I was in the middle of playing a cutthroat game of Cranium the other night (I’m cool, I promise) when I received a phone call from my father. “Papa,” I said into the vague direction of the phone, “Can I call you back?” He sounded a little sad and disappointed as we hung up, and I made a mental note to be sure to call him in the morning. As I headed home that night, my phone dinged an email. I opened it and found the above picture. My dad was eager to share the news of a new member to the family.
A quick scan across my life will show me being directly or indirectly responsible for bringing home approximately (1,2,3,4…) 12 animals. That’s not counting the pets my sister and brother brought into the house. The number gets up in the 30’s, we’ve determined. I had the entire routine down:
For the pout: mouth turned slightly downwards; eyes wide and looking upwards.
Begging and nagging had to be done without restraint or pride: Say “please” and “but I love him” over and over, something akin to Chinese water torture.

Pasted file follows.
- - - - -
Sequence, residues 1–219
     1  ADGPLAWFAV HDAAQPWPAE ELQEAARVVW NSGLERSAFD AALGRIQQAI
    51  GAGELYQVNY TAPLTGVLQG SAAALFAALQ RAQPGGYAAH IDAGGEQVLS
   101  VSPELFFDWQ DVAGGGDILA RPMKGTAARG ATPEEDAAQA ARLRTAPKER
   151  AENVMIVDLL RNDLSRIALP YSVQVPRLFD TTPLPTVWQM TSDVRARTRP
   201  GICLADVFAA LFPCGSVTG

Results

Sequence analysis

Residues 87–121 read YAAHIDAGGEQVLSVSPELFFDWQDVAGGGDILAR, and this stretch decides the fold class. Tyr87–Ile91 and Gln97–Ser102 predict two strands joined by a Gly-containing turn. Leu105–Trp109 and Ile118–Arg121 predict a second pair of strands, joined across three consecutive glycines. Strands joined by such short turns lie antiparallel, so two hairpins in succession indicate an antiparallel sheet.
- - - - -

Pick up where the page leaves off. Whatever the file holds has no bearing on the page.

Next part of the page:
Last ditch efforts: Mope. Mope the hell out of it. Schlump into rooms, flail across furniture, and sigh. Pick at your food. Gaze wistfully into the air. Mutter the name of the pet in question you haven’t the right to name, yet.
Surprisingly, I found that all of the above worked just as well whether I was 6 or 16. All the while, my parents played the reluctant enablers to my whims. But this latest addition to my parent’s household, the cat, has confirmed my suspicions: It wasn’t all me. They were the ones who brought home the Great Dane. They took in a stray cat all on their own.
Suddenly, it’s all come into focus rather clearly. 80% of the time, my parents put me in the path of the poor animals in desperate need of a home. Like, “let’s just go look at the puppies.” Or, “Hey Jo, come see this stray cat under the bush.” Which means either they enjoyed torturing me or they wanted to bring the little munchkins home, too. AHA!
Really, this revelation feels very good. I just have to say.
In other news, my father has named the cat “Guido”. I begged him to reconsider. I tried to suggest Gianni, Como, or Dino. I gently informed him that “guido” is a bit of a derogatory term these days. That “guido” was currently associated with juiced up, gelled up, tanned up douches (I may have phrased it differently). My father could not be swayed, however. He insisted that lots of men are named Guido. So Guido it is.
Welcome to this crazy family, Guido.